Temple Bar Tradfest got under way on 27th January with a performance by the Aoife O’Donovan Band at The Button Factory. O’Donovan has been a regular visitor to Ireland over the years as part of Crooked Still, playing solo and touring with Sara Watkins and Sarah Jarosz as part of the I’m With Her tour in 2015. Her show at The Button Factory was the opening show of her whistle stop European tour and her first appearance in Ireland with a band.
Her Dublin gig this evening is followed by a lunchtime and evening appearance in Belfast tomorrow, "the anti- jetlag part of the tour’’ she jokes, an appearance in Glasgow at Celtic Connections, five dates in the U.K and finally a slot at The Vinterjazz Festival In Copenhagen on 6th February. "First date at a Trad festival and last date at a Jazz festival, how about that" she noted. In fact that throwaway remark actually emphasises her well deserved appeal across many genres whether it be folk, country, trad or roots.
Her touring band consists of Anthony da Costa, a talented singer songwriter in his own right, on guitar and Steve Nister, better known for his work with Daniel Lanois and Danger Mouse, on drums. Together with O’Donovan’s polished guitar work and melodic yet chilling vocal they are more than the sum of their parts.
O’Donovan’s relaxed, gentle and charming stage demeanour often camouflages the strength and resolve of an artist capable of penning simple ballads, dark country-noir and everything in between.
She recounts having only arrived in Dublin this afternoon, quite fortunately given the weather conditions in New York where she currently resides and how she spent December in the UK before making it back to New York just in time for the storms!
Tonight’s show is sponsored by the American Ambassador and is also attended, we are told, by Aoife’s parents.
Given that her latest album In The Magic Hour has been released last Friday it is not surprising that much of her set list features material from the album.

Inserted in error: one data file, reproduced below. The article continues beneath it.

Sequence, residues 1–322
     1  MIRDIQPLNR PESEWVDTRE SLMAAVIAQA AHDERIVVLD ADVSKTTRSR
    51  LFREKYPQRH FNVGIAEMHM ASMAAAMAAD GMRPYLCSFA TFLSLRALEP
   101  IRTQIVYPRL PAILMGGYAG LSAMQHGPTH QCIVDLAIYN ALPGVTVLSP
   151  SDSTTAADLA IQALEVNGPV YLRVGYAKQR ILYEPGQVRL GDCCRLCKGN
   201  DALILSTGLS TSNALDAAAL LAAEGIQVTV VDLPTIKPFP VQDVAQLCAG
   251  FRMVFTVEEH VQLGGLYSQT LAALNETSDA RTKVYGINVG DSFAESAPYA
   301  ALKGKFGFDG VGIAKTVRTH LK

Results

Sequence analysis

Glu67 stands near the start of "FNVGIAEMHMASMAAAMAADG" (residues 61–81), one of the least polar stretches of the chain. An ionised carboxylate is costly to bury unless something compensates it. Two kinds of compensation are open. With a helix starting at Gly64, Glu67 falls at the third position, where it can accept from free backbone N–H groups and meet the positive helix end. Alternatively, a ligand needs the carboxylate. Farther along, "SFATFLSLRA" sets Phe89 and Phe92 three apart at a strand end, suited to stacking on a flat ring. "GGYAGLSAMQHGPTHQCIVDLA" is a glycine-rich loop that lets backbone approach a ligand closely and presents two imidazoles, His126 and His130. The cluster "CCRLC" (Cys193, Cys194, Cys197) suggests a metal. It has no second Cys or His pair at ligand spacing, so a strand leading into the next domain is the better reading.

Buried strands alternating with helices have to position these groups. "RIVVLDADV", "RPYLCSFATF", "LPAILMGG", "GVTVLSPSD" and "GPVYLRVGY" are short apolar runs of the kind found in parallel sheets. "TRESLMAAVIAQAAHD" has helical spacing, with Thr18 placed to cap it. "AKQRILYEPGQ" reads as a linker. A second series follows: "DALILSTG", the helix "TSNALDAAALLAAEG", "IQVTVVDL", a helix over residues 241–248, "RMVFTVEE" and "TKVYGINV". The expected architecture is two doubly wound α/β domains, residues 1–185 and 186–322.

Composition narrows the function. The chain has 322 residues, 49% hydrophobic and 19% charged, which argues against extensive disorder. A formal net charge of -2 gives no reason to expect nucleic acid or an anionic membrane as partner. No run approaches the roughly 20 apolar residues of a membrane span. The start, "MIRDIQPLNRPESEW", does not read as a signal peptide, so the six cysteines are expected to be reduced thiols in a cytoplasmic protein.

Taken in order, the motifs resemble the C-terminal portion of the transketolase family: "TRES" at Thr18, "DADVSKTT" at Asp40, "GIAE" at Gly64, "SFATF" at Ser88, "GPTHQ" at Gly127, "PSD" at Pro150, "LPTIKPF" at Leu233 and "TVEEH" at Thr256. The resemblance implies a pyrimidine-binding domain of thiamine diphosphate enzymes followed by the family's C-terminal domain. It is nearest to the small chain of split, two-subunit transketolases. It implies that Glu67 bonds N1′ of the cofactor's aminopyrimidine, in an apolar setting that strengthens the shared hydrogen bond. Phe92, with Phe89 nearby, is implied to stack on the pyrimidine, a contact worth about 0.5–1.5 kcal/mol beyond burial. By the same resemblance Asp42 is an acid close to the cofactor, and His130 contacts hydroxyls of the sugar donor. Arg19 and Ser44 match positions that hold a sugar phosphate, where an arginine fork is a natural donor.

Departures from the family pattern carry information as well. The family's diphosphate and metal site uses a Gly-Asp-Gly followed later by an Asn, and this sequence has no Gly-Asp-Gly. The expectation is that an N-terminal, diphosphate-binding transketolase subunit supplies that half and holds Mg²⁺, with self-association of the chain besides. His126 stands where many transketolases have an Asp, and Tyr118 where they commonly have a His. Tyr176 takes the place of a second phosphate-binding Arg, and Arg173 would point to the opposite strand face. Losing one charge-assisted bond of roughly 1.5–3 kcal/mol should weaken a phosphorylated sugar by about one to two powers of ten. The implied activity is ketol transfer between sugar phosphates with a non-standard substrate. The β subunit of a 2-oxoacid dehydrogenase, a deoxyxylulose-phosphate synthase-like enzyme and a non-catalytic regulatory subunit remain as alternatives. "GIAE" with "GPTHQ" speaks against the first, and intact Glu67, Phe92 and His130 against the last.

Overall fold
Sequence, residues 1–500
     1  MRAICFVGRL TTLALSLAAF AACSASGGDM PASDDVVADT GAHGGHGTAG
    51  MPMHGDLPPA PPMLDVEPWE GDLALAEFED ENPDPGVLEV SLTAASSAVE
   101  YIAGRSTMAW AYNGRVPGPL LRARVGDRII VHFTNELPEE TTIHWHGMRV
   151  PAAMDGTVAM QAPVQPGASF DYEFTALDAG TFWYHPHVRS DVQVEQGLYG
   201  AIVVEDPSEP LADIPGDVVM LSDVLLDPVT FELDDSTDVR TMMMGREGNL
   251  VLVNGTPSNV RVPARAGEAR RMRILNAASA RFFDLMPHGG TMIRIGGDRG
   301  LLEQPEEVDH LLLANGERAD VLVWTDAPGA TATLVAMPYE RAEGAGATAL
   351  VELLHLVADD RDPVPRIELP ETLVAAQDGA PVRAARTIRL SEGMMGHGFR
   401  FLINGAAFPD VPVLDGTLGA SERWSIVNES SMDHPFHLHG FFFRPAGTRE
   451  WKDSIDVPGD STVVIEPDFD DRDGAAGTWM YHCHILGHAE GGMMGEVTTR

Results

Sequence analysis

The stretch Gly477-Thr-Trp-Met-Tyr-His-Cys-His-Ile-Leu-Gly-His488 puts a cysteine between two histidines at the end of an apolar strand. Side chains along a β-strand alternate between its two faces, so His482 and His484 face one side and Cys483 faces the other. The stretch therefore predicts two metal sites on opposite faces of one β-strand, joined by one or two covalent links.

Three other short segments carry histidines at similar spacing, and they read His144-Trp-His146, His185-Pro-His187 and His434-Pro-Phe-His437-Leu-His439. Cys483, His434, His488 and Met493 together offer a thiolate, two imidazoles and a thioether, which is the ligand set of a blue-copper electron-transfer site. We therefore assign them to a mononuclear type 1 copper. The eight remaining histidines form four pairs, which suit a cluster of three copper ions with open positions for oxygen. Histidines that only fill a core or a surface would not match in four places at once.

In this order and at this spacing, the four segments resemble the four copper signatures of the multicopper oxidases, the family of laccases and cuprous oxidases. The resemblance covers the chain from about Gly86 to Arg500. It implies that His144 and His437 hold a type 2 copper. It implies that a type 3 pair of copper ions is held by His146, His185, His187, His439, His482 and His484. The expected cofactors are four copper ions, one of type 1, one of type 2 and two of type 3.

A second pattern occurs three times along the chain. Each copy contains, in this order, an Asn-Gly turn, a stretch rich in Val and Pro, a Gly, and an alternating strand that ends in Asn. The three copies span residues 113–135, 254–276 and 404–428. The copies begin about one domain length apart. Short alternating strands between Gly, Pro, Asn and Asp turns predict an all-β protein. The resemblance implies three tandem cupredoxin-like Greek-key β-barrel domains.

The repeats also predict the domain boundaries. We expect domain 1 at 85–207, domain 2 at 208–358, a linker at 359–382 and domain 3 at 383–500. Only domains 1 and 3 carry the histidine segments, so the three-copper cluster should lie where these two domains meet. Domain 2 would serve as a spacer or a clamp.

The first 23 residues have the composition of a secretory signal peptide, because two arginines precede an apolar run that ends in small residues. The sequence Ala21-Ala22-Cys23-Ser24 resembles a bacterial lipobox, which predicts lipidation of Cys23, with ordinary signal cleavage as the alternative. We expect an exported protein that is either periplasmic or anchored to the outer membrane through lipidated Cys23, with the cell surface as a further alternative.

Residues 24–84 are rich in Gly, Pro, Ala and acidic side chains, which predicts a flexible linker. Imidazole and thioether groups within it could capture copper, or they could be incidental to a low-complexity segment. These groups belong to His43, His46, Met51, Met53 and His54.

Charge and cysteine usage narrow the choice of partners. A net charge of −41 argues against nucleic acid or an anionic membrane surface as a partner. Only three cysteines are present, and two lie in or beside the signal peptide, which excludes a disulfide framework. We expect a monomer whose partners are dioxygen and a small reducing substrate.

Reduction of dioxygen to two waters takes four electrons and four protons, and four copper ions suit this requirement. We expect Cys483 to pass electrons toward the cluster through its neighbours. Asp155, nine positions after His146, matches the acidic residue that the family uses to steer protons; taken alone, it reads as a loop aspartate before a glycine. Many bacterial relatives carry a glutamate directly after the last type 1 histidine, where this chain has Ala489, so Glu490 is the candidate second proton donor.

The title track Magic Hour is performed early in her set and hits home immediately with its striking melody and lyrics that sound almost childlike and fairy tale in content ("we run down to the Virgin Mary’s ban /while our mothers cried and our fathers drank /we all just trying to see where the ship sank")
Stanley Park, the opening track on the new album follows and also connects on first listen with O’Donovan’s splendid vocal range dominating. The song, we are told, was inspired by the beauty of Vancouver’s 1000 acre public park. Magpie, also from the latest album, was conceived a few years back while O’Donovan was driving to West Cork. "You arrive at this huge roundabout with only one signpost, The West!". What follows is a beautiful tale of innocent childhood memories recalling visits to Clonakilty, the land of O’Donovan’s grandfather. The song, without chorus, brings to mind a young Joni Mitchell.
The evening also includes a short solo set by Aoife ("We are here at a Tradfest so I thought I’d play these few numbers") including a rendition of the traditional ballad Pretty Polly followed by the Paul Brady Lakes of Pontchartrain to the obvious delight of the audience. She tells the story of performing with Crooked Still at the Clonakilty Guitar Festival some years back and how nervous she was noticing from the stage that Paul Brady was standing at bar. "He’s not at the bar tonight, is he!" she exclaims.
She visits Fossils, her acclaimed debut album released in 2013, including Red and White and Blue and Gold, Thursdays Child, Lay my Burden Down and Briar Rose in the set.
"My Auntie Carmel requested this from the auditorium last May when I was touring with I’m With Her, I’ve finally got the chance to honour that request now, the song is obviously popular with family members" she jokes and proceeds to play Lay My Burden Down, the opening track from the debut album.
Briar Rose, without doubt the most moving yet beautiful song relating to child abuse written since Suzanne Vega’s Luka, is possibly the highlight of a splendid evening, delivered to perfection and enthusiastically received by her audience. Oh Mama is the set closer, followed by Emmylou Harris’ Boulder to Birmingham as an encore.
The overall enjoyment of the show and artist is obvious by the long queue at the merchandising desk with the ever smiling O’Donovan meeting and greeting and finishing off what has been a marvellous evenings entertainment.
To survive long term in the highly competitive music industry, extreme talent, work ethic and an absolute love of what you do are vital requirements in equal measures. Aoife O’Donovan, without doubt, possesses all three in abundance with some to spare.
Review and photograph by Declan Culliton